THE INTERNATIONAL SURVEY OF CATHOLIC WOMEN (ISCW) is one of the most extensive surveys of its kind ever undertaken. The Survey was commissioned by the Catholic Women Speak network in order to prepare a submission to the Synod of Bishops as part of the Synod 2021-2023 consultative process initiated by Pope Francis.
The large number of responses (more than 17,000 from 104 countries) indicates a desire by many women to share their visions, aspirations, and frustrations, and to make their views on the current situation of women in the Church known to the Synod.
The overall aim of the survey was to gather feedback on the experiences and insights of Catholic women from around the world. Topics included Catholic identity, significant issues of concern and views on church reform, and the impact of Covid-19 on women’s faith and practice.
An important insight to be drawn from the survey is that Catholic women do not constitute a homogenous group but reflect the many different cultural and communal contexts within which their faith is experienced and practised. It is an area of concern to the researchers that this diversity is rarely represented in official church documents, with the result that many women struggle to see the relevance of some church teachings to the complex realities of their lives.
The first major finding of the ISCW is that even when women have considerable struggles with Catholic institutions and structures, nearly 90 per cent affirmed that their Catholic identity is important to them. Many continued to practise their faith and to engage with their parishes and Catholic communities, despite their difficulties with the institutional Church.
A second major finding is that most would welcome reform in the Catholic Church, especially but not exclusively regarding the role and representation of women. Other issues included church teachings on sexuality, including respect for freedom of conscience and the place of LGBTIQ persons within the Church; women’s leadership roles in church institutions and worship, including for some the ordination of women to the priesthood and/or diaconate, and remarriage after civil divorce. A minority of respondents rejected reform and instead expressed a preference for the Church to revert to a pre-conciliar model of authority, priesthood, and liturgy.
A third major finding is that respondents identified the sexual, physical, and emotional abuse of women, children, and other vulnerable people as a dominant issue. A substantial majority was concerned about the prevalence of abuse, racism, and sexism in church contexts. A small number shared personal experiences of sexual abuse, racism, and workplace harassment, while others expressed dismay at the lack of effective action to address the continuing scandal of abuse.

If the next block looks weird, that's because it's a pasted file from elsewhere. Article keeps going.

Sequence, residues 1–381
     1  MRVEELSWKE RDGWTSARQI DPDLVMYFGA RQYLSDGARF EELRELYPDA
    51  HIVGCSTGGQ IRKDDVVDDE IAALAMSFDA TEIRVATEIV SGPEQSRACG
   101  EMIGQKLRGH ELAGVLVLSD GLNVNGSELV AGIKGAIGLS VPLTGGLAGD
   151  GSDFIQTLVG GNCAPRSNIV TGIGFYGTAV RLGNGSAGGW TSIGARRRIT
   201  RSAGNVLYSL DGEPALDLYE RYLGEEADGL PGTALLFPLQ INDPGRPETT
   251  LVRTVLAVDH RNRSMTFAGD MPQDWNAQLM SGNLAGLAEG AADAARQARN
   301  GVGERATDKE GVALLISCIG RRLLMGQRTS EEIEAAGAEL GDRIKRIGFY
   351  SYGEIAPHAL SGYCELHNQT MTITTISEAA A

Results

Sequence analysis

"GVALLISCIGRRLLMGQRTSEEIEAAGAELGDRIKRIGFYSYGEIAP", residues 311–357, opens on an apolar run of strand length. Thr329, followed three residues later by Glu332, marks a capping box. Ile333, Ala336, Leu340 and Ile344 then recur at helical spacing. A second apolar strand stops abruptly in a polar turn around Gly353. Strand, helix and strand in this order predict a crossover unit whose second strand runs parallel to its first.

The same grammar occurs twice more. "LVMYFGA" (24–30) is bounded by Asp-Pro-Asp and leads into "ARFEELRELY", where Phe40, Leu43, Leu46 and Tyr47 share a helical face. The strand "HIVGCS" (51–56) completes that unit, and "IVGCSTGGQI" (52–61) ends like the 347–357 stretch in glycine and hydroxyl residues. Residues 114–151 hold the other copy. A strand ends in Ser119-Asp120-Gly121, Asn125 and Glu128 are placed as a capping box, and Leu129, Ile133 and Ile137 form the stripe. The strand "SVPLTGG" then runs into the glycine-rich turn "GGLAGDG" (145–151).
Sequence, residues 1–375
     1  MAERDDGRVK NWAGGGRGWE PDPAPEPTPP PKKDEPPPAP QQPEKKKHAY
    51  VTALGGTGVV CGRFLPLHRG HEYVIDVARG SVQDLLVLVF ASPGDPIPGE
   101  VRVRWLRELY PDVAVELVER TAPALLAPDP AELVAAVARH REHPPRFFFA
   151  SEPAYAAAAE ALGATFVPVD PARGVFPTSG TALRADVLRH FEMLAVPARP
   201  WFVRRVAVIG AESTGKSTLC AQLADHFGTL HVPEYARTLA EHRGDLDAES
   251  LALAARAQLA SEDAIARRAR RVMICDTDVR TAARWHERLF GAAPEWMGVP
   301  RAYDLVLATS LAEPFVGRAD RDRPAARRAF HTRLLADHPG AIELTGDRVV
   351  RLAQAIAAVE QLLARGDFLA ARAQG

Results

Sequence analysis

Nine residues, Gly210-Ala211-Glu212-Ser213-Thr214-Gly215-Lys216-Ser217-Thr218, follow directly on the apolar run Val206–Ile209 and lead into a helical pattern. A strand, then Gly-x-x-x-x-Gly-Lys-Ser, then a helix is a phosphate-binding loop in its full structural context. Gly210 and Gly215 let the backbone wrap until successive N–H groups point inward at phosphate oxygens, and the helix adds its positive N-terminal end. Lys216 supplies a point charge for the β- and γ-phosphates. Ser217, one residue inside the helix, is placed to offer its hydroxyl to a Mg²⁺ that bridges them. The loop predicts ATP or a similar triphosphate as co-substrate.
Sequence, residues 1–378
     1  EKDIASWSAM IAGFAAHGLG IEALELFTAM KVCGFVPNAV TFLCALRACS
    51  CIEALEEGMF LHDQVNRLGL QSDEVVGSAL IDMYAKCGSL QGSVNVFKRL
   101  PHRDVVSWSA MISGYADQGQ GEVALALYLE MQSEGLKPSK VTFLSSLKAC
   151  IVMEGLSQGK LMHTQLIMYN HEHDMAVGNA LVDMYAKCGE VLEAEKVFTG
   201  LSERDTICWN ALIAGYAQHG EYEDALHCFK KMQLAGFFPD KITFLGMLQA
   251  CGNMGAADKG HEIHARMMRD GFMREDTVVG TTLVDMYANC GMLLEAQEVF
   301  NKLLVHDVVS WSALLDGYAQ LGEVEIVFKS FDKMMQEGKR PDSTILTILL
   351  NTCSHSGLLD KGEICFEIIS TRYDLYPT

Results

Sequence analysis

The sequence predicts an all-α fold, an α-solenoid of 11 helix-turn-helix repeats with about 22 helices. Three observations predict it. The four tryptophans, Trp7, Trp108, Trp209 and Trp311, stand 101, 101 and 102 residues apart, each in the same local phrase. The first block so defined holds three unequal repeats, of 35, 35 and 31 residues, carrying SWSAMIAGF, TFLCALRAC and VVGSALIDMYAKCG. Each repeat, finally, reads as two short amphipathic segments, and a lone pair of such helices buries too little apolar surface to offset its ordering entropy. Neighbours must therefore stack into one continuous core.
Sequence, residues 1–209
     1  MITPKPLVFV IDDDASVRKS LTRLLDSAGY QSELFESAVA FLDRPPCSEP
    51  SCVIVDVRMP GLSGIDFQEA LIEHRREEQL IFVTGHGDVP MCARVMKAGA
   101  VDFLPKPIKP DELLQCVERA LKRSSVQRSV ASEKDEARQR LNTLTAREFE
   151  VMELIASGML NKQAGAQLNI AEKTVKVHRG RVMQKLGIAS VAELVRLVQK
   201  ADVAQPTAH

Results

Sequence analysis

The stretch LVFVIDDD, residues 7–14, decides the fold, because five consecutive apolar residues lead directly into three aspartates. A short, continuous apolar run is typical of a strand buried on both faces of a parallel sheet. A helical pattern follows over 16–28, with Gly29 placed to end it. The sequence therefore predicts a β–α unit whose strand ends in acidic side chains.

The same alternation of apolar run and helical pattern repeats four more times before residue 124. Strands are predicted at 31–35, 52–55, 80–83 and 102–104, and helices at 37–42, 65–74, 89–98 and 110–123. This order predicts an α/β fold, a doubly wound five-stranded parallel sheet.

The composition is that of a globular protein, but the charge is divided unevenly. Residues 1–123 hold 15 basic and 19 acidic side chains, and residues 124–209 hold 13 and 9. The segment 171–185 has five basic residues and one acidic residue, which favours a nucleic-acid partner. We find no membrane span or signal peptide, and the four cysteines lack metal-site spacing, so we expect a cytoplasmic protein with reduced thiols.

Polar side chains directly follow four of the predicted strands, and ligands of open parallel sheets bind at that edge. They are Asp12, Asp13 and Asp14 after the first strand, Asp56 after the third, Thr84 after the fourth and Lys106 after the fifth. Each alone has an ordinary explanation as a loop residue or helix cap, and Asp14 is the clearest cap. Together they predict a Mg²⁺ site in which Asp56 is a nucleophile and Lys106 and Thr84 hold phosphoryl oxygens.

A final major finding is that Catholic women are deeply concerned about transparency and accountability in church leadership and governance. A substantial majority of respondents identified clericalism as having a negative impact on church life. There was also a high level of agreement that a less hierarchal and authoritarian model of Church was urgently needed, with greater collaboration and sharing of responsibility and authority between clergy and laity.
Some respondents raised concerns regarding economic justice in church affairs, including the lack of adequate pay for female church workers, both lay and religious.
While the ISCW does not claim to be representative of all Catholic women, it provides a rich insight into the complex realities of Catholic women’s lives, the ways in which they express their faith, and their relationships with the institutional Church. The substantial findings should thus inform lasting and genuine change in church institutions, structures, and practices.
The ISCW is a significant and unique resource, in its aim to listen to diverse voices to better discern what it means to “journey together” as the People of God in a Church of many cultures. It gathered quantitative data via ‘closed’ questions where respondents were invited to choose from a set of responses, and qualitative data through ‘open’ questions which asked respondents to comment and share insights. Demographic information regarding respondents’ ages and regions of residence was also collected.
The report submitted to the Synod includes quotations from the open responses which, alongside the statistical overview, reflect the diverse perspectives and concerns of Catholic women.
The survey was devised and managed by researchers Drs Tracy McEwan and Kathleen McPhillips at the University of Newcastle, Australia, and Professor Tina Beattie, Professor Emeritus at the University of Roehampton, London. It was published in eight languages (English, French, Polish, Italian, Mandarin, German, Spanish, and Portuguese), and distributed between 8 March (International Women’s Day) and 26 April 2022.
A more detailed sociological analysis of the survey findings will be published early in 2023.
* Read the Executive Summary here.
* Read the full report here.
* Source: Catholic Women Speak